Initially I had somewhere around 120 required sections, so needed to find ways to optimise the design to use less sections to make it all fit. This was particularly the case with the final room logic (which is why the logic there ended up so complicated to make it fit), which has to handle all the possible combinations of whether each of four different opponents are alive, plus the time in which you arrive there. Basically without “compressing the logic” here, you’d otherwise need 16 sections just to handle all possible opponent combinations, but then even more sections to cover the additional combinations for the time at which you arrive there. Yes it got complicated (and did my head in at the time to figure out how to optimise).

Once I’d figured out how many sections I needed for each of these mechanics, I created a gamebook skeleton with all the logic laid out. I added in the rules and combat stats, plus the game stats of any events or items that were at the differing locations. At this point, the gamebook was technically playable, even though the actual text (i.e. description and story) wasn’t even in yet. That came last (this includes the background for the start and the ending), and was actually the easiest part! (Being a “classic fantasy dungeon” it was pretty easy really to write: especially since I needed to keep things generic enough that it could be for any one of the number of different races that the player might choose for their character).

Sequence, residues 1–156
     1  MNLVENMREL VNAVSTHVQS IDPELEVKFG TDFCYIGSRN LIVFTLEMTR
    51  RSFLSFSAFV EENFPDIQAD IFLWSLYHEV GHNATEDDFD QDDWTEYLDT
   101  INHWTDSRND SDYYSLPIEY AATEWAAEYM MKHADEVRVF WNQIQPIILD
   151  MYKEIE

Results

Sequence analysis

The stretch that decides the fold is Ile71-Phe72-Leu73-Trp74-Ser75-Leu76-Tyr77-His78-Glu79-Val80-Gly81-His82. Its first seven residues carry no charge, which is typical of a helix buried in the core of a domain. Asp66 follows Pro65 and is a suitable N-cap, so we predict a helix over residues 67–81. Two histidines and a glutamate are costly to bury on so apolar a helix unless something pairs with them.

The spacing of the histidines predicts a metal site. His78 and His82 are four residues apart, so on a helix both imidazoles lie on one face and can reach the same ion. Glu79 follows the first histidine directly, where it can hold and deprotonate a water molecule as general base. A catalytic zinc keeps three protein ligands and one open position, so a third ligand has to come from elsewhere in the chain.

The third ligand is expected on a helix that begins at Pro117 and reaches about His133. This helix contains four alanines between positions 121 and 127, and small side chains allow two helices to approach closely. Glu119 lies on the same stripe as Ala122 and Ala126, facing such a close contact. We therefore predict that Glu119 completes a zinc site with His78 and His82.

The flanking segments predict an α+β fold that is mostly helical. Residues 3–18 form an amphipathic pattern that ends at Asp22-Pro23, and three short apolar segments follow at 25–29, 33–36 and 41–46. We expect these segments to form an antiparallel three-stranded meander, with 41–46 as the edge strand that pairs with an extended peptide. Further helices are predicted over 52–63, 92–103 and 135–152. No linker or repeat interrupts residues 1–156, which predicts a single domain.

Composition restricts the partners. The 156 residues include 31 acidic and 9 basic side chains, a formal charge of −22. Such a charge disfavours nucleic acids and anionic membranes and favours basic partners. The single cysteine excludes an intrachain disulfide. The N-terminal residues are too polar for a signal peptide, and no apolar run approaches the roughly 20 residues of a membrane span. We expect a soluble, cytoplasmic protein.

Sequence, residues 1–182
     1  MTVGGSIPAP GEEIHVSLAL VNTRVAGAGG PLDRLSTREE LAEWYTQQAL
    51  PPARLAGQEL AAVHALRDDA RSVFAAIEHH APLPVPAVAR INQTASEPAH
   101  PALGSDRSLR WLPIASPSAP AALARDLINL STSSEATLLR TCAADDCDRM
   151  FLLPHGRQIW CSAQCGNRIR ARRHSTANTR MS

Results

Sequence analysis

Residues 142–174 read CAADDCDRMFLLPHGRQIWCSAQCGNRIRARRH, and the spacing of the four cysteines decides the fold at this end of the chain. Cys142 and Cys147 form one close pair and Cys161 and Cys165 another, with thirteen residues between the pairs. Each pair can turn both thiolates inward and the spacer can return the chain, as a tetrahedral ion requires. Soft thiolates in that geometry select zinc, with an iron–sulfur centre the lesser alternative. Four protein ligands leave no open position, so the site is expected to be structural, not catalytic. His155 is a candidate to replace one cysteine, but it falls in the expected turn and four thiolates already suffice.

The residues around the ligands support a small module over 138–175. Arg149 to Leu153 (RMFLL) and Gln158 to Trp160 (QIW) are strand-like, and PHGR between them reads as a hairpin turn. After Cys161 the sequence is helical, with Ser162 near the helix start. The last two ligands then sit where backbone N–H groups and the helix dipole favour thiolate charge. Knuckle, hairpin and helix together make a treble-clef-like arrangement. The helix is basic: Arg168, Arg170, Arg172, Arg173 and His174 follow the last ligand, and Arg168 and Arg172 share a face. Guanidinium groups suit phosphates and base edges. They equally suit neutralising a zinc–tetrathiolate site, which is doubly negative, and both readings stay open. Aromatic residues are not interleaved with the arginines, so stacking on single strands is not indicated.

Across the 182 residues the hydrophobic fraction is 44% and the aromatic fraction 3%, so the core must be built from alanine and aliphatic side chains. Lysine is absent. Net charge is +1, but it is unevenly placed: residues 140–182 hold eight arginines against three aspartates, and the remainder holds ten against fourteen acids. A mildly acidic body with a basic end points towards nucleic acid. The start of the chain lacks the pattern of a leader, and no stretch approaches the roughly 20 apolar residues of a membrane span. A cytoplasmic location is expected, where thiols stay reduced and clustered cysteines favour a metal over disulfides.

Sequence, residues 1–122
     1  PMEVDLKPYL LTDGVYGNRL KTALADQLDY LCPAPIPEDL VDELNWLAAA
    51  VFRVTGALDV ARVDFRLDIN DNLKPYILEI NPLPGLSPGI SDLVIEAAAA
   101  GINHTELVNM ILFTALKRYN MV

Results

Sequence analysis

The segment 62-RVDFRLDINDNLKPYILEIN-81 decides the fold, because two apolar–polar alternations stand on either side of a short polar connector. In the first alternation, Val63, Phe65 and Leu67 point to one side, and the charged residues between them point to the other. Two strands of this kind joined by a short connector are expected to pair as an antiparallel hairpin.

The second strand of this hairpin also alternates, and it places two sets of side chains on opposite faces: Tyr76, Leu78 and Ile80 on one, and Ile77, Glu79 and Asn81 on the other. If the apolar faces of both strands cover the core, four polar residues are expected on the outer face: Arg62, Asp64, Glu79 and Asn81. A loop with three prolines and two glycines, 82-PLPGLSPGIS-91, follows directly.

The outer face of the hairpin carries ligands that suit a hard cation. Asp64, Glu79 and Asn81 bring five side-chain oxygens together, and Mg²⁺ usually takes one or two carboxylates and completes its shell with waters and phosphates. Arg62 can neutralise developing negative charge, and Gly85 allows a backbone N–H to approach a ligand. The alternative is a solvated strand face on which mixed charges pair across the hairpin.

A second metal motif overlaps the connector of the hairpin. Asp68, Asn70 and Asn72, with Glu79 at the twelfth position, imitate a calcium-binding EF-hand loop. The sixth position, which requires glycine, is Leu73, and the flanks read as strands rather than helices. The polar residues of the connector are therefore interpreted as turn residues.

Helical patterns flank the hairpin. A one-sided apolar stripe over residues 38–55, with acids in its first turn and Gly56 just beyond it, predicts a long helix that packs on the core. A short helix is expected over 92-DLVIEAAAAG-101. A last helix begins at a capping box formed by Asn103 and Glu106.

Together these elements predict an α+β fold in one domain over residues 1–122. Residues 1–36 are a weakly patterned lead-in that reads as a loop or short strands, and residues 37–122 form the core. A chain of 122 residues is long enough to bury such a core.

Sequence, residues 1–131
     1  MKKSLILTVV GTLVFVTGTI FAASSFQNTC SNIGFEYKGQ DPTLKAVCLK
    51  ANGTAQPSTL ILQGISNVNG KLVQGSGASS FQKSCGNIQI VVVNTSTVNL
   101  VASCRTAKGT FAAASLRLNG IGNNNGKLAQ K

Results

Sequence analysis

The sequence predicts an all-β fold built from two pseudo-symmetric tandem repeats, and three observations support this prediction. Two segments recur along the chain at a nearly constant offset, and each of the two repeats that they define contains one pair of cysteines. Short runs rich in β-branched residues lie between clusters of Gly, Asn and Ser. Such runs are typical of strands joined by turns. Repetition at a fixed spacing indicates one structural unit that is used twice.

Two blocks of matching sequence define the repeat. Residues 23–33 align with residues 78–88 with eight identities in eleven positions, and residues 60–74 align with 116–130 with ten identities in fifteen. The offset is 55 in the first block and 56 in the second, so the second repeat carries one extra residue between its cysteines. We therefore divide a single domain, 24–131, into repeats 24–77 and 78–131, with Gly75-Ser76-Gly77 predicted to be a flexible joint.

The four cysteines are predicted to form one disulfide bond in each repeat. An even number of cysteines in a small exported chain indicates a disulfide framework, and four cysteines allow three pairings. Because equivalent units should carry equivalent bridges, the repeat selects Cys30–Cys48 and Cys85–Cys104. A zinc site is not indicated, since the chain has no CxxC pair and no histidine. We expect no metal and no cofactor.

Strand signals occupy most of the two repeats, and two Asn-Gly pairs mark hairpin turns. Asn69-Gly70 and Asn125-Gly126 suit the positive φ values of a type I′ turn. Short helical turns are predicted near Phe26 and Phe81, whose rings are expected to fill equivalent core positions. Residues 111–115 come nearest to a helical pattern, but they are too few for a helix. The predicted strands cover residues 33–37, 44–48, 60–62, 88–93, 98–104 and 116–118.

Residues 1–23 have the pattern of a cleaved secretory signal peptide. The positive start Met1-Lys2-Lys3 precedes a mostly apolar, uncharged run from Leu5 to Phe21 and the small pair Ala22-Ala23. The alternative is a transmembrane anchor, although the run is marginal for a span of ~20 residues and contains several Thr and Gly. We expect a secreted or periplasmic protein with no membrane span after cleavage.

The pre-Windhammer versions had all section numbers hyperlinked too (which as I discovered, caused problems when being converted): which made things a bit easier for the playtesters. Unfortunately this feature couldn’t be included in the actual version (which compounded the difficulties for players in that they couldn’t click back to automatically return to the section they came from). So I tried to do all I could think of to make things easier for the players to handle these mechanics. I also added in numerous clarifications which pushed my word count over the limit, so I had to do things like instruct the players to refer back to the items list for details on what the item did, in order to bring the word count back under the limit. In short, I tried to squeeze as much design as I possibly could into Trial of the Battle God, and it’s pleasing at least to see that that was noticed! It did however, have its drawbacks ;)

Whilst I could go on about the design, I think I’ve said more than enough (okay far too much) for a single blog post... In fact I wonder if anyone will actually read this whole post haha; it’s a bit of a monster! But like I indicated above, I would like to expand on this design and release it in other formats… It’s all a matter of time and money to put into this really… But hey if you’ve read this and think “gee I’d like to help with that”: be it helping to design, write, or gee, even fund it, then contact me by all means, and it just may be possible in the (nearish) future!

In the meantime *looks at the growing mountain of other obligations* I best get going!

Until next time!

P.s. Have you figured out that I’m a freak yet? ;)